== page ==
Capital “T” Truth

Banting and Best with the first dog ever treated with insulin In 1922, at the University of Toronto, scientists went to a hospital ward with children who were comatose and dying from diabetic keto-acidosis. Imagine a room full of parents sitting at the bedside waiting for the inevitable death of their child. On that day... Continue Reading →

The Writing Life

I've been reading The Artist's Way by Julia Cameron. It's a handbook that seems, most obviously about developing a life of artistry, but hiding within its lines are secrets about life in general. The book has prompted me to think more seriously about my own life and what I want to accomplish in the future.... Continue Reading →

Boredom, Part 2

In 1947, the year I was born, television had been invented and was being used in some U.S. households that could be measured in the thousands. However, by the late 90's, 98% of U.S. homes had at least one television that was one for more than 7 hours per day. Early television was primitive compared... Continue Reading →

Boredom, part 1

At 2801 S. Taylor Street in Little Rock I had a world of wonder at my doorstep, and I don't remember ever telling my mother that I was bored. A huge white boulder in our back yard was a horse or a jeep. A short flight of stairs led up to the attic of our... Continue Reading →

Sheilaism

Robert Bellah, with a group of coworkers, wrote a 1985 blockbuster book called Habits of the Heart. This great book is arguably one of the best critiques of modern American society - a quest for a democratic community. William Placher wrote in Narratives of a Vulnerable God, "The interviews that Robert Bellah and his coworkers... Continue Reading →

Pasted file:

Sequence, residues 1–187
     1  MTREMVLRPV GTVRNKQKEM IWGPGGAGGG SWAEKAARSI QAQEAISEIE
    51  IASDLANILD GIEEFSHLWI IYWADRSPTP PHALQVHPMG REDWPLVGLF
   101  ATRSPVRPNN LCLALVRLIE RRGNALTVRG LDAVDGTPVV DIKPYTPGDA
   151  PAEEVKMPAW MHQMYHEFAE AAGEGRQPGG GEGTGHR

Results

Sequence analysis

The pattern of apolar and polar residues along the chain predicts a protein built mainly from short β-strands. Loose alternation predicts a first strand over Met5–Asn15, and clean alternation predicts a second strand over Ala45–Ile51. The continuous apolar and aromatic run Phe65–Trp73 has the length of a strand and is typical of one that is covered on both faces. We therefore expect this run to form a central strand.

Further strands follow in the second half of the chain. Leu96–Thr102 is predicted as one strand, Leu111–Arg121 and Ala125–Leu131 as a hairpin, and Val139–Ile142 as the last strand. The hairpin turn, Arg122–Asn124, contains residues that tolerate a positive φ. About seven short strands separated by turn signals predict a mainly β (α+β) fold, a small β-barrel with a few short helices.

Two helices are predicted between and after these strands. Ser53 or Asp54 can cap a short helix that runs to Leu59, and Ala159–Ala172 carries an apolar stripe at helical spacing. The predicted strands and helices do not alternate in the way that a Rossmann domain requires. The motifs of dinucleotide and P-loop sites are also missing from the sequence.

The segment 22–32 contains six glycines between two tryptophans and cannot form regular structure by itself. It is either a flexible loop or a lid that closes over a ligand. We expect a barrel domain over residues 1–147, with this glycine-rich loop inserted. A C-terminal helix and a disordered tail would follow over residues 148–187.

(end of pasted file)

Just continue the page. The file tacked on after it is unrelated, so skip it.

The Marginalized

William C. Placher wrote this in Narratives of a Vulnerable God, page 128. "...we do not live in a society eager to attend to the voices of the oppressed and the marginalized. If we have let the values and assumptions of our society guide us, even in matters of faith, then where will we stand... Continue Reading →

Eucharist

"Alan Street in his book Subversive Meals has shown how the Eucharist is a table that deliberately subverts the exclusionary table of the empire. " From Gift and Task by Walter Brueggemann, page 373. According to Brueggemann, the greedy leaders of the empire don't look out for their "flock" but only for their own interest.... Continue Reading →

We have the Temple of the Lord!

Ancient Israel was politically and religiously pragmatic.  The earliest description of this can be seen in the nation’s clamor for a Golden Calf to quell their fears at Mount Sinai. Fearing that God had abandoned them, they called for Aaron to cast an idol they could see and worship. They did this In spite of... Continue Reading →

Living with the Lord’s Prayer

I grew up being taught that the Lord's Prayer was irrelevant to the lives of contemporary Christians because the Kingdom, for which Jesus prays, was now present in the church.  Why pray for something that already exists?  Right? So much of my life I missed out on the benefits of living inside the world of... Continue Reading →

Kingdom of God

I didn't grow up inside a culture of respect for the earth.  "Earth" as a totality - flora and fauna, beauty, wildness, and wonder. In my childhood we used disposable products with abandon; old car oil was often poured out on the ground, and we never considered the impact that disposed plastics would have on our... Continue Reading →

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